When I left, I wanted to go see this one park that the concierge had recommened. He said it was a great place to experience the New Year. I pointed to the name of the place on my paper, in Chinese, as my concierge had written it. The man I asked, pointed me to the bus…. actually, he literally walked me under the underpass and ushered me right onto the bus, waited until I got on and indicated to me that I should show my paper to the woman taking tickets on the bus. He was overly helpful, which I found sort of strange; but they seem to do that, here. They’re sort of overly helpful here in general in Asia, in a way I’m not used to in America. In America, people are helpful, but we give each other space. Here in Asia, if for example you want to buy a coat (which I did in Beijing. It’s cold!) They’ll put it on you and zip it up for you! But I digress…
So I asked the woman taking the tickets on the bus about the park and she indicated she’d tell me where to get off. (Here in Beijing, all the bus driver does is drive. Nothing else. Don’t even try to talk to him. There’s another person who sits by the back door to take tickets, make sure everyone paid, and help with directions. It’s also very cheap to ride the bus — about 15 cents!) I kept looking back at her to see if I’d arrived. I had been on the bus for about 20 or 25 minutes. Then she told me I was to get off and cross the bridge. When I got to the park, it was a huge festival for the Chinese New Year! There were rows and rows of food stalls, carnival games and toys. There was an arena for games and lots and lots of people just walking around.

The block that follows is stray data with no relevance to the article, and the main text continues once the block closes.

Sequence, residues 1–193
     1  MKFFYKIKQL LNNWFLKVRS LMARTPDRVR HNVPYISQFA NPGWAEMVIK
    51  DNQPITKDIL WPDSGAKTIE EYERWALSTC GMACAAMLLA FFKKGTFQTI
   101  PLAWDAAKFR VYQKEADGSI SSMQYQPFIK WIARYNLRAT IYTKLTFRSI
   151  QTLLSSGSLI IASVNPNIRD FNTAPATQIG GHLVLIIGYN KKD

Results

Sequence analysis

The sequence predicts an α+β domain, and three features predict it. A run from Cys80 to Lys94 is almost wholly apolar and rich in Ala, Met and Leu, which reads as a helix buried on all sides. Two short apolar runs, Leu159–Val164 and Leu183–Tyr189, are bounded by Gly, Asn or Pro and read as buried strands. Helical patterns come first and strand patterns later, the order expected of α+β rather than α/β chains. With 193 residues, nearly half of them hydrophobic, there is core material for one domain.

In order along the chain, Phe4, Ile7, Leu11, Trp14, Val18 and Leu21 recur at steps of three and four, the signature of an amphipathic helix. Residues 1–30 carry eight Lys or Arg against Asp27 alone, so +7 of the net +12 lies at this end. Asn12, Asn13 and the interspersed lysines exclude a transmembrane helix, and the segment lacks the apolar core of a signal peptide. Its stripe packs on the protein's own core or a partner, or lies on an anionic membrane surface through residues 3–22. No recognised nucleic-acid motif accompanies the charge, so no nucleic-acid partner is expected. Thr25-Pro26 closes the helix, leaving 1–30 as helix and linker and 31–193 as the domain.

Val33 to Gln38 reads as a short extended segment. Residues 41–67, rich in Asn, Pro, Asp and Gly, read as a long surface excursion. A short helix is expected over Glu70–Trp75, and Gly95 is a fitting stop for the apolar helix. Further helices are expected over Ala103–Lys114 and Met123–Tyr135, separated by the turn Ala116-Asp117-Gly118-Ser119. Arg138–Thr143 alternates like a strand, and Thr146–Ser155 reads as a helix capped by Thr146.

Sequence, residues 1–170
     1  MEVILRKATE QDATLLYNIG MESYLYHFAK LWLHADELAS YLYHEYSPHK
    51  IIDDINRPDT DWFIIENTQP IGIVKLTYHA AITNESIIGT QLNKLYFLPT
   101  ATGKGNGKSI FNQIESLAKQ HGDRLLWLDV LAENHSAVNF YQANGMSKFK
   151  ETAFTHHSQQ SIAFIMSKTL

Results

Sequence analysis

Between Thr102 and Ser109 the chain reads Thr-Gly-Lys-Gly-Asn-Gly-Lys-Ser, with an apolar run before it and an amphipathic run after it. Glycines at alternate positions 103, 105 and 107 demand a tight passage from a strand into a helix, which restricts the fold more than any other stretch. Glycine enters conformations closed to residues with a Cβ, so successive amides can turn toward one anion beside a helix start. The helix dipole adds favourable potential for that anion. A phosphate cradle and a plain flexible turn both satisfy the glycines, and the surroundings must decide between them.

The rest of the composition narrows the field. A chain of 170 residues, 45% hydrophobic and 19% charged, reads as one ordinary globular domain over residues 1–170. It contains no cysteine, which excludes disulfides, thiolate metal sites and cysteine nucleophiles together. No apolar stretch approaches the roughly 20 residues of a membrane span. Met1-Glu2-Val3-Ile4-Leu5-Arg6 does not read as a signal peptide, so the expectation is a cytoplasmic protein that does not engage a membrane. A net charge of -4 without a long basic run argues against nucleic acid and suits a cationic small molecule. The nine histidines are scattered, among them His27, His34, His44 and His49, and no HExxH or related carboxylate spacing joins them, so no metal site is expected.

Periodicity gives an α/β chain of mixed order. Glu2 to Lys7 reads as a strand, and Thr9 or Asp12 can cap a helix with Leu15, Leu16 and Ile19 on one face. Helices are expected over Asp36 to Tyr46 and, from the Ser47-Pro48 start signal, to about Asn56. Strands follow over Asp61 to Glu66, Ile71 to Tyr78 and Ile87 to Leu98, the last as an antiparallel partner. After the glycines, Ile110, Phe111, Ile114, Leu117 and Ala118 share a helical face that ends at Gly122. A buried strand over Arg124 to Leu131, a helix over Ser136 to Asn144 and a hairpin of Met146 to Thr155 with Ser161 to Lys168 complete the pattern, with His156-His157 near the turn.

I decided to come back as it was getting dark. I crossed the street to take the bus, but the people at the bus stop told me I can’t get to my hotel by bus alone so this one guy who was there told me I could follow him on the bus and then he’s show me to the subway.
Once on the subway, I started a conversation with this woman that I found pretty interesting. She and I were talking about the one child rule of China and if it still impacts the population. She said the people in the city generally don’t want more than one child because it’s too much work and too hard to have children. (Do they really believe that? Have they been influenced to believe that?) She said it’s the people who live in the suburbs who want more kids, so if their first child is a girl, they’ll petition the government for another child, hoping to get a boy. (Yes, she actually said that!)
I asked her if this practice makes the population male-heavy and she said yes, there are more men than women in China. She said it’s sometimes difficult for men to find women to marry, but didn’t really go into detail.
Anyway, I got back to the hotel, tried unsucessfully to blog and then just gave up and crashed into bed. I had been up for so long and was exhauseted, since the flight to Bejing from Singapore was an overnight flight and didn’t sleep afterwards.
Now that I’ve figured out this email, blogging censorship nonsense, I’m gonna go off and explore a little more of Beijing. Tammy is off exploring on her own today and Allison joins us tomorrow, after which we’ll all go see the Great Wall of China together before we head home. Can’t wait for that!